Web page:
The jaguar (Panthera onca) is threatened by habitat loss, which is linked with deforestation. It is also a victim of local livestock farmers who, in order to protect their herds, will not hesitate to shoot jaguars as they are seen as a threat.

Endangered species

Today, the jaguar population is declining, and many subpopulations are isolated from one another. The region of the Iguaçu National Park in Brazil and Argentina is an important conservation area for this species. It is estimated that about 90 jaguars currently survive in an area of more than one million hectares of subtropical forest. The conservation of this subpopulation is therefore essential for the survival of the species in the Brazilian Atlantic tropical forest, a highly threatened South American ecosystem.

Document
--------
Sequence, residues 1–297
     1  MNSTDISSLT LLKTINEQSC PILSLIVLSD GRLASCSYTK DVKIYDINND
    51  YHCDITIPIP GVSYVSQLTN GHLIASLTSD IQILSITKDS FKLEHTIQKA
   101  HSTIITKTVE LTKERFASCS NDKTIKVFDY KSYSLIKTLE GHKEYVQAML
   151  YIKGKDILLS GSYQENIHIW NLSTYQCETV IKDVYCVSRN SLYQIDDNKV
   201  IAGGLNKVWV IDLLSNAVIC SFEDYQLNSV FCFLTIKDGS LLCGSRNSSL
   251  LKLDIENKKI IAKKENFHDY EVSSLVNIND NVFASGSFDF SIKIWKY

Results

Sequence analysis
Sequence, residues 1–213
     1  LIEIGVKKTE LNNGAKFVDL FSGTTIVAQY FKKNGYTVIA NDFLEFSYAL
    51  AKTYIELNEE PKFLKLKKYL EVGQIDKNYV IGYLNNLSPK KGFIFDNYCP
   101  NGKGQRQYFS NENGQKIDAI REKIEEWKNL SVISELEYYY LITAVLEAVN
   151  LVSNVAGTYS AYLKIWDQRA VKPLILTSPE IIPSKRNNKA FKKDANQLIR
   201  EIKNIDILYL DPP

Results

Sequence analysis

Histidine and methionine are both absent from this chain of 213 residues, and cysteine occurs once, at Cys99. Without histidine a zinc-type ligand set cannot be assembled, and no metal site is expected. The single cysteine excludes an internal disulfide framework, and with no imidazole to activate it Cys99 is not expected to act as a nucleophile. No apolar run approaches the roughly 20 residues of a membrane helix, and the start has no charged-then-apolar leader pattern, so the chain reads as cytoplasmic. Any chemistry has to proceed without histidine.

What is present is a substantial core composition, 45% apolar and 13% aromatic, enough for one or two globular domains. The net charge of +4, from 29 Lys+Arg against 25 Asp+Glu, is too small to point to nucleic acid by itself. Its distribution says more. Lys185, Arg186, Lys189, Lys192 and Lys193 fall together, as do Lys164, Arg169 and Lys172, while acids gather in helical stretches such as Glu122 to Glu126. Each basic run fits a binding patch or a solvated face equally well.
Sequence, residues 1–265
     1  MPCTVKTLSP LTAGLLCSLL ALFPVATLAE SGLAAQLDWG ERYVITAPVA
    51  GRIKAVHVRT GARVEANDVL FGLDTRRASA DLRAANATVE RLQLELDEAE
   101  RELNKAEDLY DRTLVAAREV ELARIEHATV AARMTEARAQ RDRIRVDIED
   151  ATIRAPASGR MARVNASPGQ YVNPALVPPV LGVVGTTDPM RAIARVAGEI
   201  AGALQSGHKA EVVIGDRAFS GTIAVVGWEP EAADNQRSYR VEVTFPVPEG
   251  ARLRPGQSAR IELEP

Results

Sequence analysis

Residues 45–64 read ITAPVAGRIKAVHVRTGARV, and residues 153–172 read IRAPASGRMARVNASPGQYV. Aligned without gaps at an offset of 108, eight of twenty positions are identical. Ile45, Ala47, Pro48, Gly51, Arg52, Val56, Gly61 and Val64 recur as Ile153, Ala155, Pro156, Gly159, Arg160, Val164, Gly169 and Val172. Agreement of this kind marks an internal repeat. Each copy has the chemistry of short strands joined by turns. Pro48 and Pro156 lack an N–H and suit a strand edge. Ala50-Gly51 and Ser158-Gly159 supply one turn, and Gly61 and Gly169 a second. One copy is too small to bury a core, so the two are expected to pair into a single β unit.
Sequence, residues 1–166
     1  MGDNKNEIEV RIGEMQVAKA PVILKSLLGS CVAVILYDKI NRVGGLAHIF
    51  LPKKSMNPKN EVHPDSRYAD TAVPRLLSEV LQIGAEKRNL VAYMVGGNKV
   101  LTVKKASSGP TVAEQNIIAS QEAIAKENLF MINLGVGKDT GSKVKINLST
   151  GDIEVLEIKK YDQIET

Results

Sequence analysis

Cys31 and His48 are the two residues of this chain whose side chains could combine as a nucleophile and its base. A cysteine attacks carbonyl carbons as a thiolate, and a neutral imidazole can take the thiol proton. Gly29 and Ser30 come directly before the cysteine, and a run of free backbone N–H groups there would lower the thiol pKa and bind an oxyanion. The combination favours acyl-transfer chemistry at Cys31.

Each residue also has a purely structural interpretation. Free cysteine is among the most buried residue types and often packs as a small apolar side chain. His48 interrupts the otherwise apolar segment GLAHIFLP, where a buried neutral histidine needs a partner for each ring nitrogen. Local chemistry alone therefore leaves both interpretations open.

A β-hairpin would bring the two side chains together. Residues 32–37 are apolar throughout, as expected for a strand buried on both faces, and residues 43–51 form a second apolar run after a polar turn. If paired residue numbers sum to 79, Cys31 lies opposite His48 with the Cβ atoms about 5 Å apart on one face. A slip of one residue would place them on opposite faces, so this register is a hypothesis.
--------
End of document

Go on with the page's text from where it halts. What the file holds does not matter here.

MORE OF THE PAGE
Conservation actions

The 'Jaguar of Iguaçu' project plans to equip several adult jaguars with GPS collars. This will allow light to be shed on the movements of these individuals and their use of the habitat, enabling the vital territory of the species to be deduced.

A study on the food ecology of jaguars is underway to know more about their dietary habits through analysis of faeces and remains, as well as the availability of their prey by using camera traps.

The project is also conducting a study on the impact of ecotourism on the species as well as an educational program to change the attitudes of the local population concerning large predators (jaguars, pumas) in order to improve human-animal cohabitation.

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